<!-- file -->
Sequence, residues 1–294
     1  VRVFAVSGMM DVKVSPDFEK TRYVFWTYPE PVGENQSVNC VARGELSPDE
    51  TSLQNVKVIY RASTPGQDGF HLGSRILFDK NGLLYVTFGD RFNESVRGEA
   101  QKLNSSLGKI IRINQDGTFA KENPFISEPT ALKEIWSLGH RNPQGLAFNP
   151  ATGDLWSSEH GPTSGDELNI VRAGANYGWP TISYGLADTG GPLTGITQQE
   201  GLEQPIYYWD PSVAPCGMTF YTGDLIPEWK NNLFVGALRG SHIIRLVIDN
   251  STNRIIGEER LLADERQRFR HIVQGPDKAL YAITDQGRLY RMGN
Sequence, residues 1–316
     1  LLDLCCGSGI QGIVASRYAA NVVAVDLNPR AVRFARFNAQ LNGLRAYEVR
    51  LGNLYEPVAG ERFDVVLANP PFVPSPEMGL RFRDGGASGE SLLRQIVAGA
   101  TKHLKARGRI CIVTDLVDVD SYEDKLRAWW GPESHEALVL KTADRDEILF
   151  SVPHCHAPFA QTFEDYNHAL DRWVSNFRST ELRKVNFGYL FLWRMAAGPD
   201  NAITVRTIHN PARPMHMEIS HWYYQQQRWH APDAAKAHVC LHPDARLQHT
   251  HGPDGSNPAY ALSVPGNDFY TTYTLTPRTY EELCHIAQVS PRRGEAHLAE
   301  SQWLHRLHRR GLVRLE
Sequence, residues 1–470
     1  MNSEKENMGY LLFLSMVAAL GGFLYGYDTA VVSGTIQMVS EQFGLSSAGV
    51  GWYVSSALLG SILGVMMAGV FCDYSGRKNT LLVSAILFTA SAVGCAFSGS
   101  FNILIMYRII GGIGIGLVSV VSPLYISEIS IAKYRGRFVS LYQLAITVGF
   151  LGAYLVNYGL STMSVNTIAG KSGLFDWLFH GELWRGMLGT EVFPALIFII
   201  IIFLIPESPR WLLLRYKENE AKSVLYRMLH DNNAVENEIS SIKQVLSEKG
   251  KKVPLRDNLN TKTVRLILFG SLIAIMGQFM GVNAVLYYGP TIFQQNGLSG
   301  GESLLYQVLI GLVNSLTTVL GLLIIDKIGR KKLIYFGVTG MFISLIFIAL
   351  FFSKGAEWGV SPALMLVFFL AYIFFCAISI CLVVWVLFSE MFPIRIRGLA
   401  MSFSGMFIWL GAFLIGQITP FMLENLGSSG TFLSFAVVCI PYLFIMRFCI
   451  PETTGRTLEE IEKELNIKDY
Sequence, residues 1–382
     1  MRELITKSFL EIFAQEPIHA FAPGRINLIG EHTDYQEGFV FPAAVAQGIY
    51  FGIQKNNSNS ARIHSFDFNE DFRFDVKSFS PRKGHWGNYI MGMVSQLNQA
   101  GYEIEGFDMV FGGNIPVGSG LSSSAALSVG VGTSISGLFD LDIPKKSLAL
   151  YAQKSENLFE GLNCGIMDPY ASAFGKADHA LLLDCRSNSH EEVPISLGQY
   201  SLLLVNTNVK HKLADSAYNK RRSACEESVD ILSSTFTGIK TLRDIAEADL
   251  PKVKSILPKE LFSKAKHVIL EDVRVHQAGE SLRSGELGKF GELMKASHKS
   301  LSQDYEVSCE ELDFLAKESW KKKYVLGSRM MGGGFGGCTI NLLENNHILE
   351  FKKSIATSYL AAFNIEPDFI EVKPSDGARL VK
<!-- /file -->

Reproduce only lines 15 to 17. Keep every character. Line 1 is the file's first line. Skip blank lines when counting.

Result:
   301  SQWLHRLHRR GLVRLE
Sequence, residues 1–470
     1  MNSEKENMGY LLFLSMVAAL GGFLYGYDTA VVSGTIQMVS EQFGLSSAGV